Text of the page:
Speaker: Dr. Richard Vickery, UNSW
Tapping into the Sense of Touch
Touch is a ubiquitous sense, that utilises the timing of the neural impulses that arise from skin vibrations generated as we scan our skin ridges over surfaces. How we decode these impulse patterns is not well understood. In this talk I will outline how unlocking these patterns offers the opportunity to decipher neural coding, and how we are using these insights to contribute to early detection of peripheral nerve disease, and to provide a safe and flexible way to return touch sensation for improved control of prosthetic limbs. The key to this is a novel way of controlling the neural information presented to the brain. Using very brief mechanical taps delivered to the fingertips, we have shown that each tap generates only one nerve impulse in each activated neuron. By varying the pattern of taps, we can control the pattern of nerve impulses generated in the experimental subjects. This has enabled us to test several ideas describing how these nerve impulses encode information about the environment.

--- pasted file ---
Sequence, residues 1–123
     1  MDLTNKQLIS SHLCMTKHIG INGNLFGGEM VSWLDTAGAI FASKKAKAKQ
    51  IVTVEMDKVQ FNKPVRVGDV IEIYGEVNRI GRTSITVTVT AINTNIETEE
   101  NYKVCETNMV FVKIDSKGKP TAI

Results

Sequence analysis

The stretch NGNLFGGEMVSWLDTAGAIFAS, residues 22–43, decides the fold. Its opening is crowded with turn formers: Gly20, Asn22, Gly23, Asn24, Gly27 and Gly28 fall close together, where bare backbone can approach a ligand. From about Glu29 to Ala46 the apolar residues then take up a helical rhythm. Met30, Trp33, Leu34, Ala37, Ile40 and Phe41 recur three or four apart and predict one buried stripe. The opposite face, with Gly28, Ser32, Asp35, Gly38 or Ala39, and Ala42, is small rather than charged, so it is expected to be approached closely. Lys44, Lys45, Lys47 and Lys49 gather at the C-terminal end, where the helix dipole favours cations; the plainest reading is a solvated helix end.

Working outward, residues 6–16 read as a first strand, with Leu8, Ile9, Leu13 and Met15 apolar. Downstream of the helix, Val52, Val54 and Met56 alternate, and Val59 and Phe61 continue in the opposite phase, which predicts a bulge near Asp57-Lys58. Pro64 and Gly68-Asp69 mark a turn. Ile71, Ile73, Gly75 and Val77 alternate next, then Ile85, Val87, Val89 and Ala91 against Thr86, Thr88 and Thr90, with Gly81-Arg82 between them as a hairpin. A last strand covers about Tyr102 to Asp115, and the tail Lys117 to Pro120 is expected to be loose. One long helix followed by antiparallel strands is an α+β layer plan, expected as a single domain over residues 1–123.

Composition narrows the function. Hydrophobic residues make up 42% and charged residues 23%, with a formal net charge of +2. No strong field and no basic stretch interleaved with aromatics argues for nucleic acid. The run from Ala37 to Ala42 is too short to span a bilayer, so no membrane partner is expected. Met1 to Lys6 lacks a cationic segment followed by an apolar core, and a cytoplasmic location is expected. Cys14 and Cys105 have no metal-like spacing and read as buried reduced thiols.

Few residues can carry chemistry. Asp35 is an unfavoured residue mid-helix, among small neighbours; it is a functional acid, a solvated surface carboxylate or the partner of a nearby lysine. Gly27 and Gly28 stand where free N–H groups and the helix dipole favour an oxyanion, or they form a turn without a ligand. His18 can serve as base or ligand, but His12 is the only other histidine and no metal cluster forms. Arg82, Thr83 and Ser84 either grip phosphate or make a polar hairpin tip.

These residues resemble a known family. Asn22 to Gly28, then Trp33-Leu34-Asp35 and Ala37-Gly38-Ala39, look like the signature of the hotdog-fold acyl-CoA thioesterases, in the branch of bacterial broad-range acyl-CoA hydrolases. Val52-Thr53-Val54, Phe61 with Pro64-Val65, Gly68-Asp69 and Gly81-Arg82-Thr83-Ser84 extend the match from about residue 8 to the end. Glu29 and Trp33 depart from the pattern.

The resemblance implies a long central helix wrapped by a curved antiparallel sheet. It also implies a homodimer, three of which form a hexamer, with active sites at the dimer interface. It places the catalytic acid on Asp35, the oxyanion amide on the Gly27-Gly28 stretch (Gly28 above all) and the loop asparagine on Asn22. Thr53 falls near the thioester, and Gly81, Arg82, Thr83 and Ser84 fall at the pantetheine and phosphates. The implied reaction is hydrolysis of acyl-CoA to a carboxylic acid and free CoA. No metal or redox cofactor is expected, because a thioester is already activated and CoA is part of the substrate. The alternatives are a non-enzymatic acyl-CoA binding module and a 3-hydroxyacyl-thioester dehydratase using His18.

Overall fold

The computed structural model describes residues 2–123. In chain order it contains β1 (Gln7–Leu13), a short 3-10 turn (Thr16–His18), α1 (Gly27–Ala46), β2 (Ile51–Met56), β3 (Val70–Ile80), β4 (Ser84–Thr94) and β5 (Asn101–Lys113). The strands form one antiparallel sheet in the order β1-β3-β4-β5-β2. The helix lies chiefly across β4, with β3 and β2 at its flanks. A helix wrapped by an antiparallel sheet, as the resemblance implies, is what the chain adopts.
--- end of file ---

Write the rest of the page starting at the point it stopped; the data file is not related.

Richard Vickery is a neuroscientist with active research in the fields of sensory neuroscience, neural coding, and prosthetics. Richard is a senior lecturer and Deputy Head of School (Teaching), in Medical Sciences, UNSW Sydney, and has a lab based at Neuroscience Research Australia. Richard has used a range of electrophysiological techniques to study questions of synaptic transmission and information encoding, but in recent years his main focus has been studies in the human sense of touch, combining psychophysical and microneurographic approaches. Richard is also an active educator with research and practice interests in education around the engagement of students, especially in learning fundamental biomedical concepts.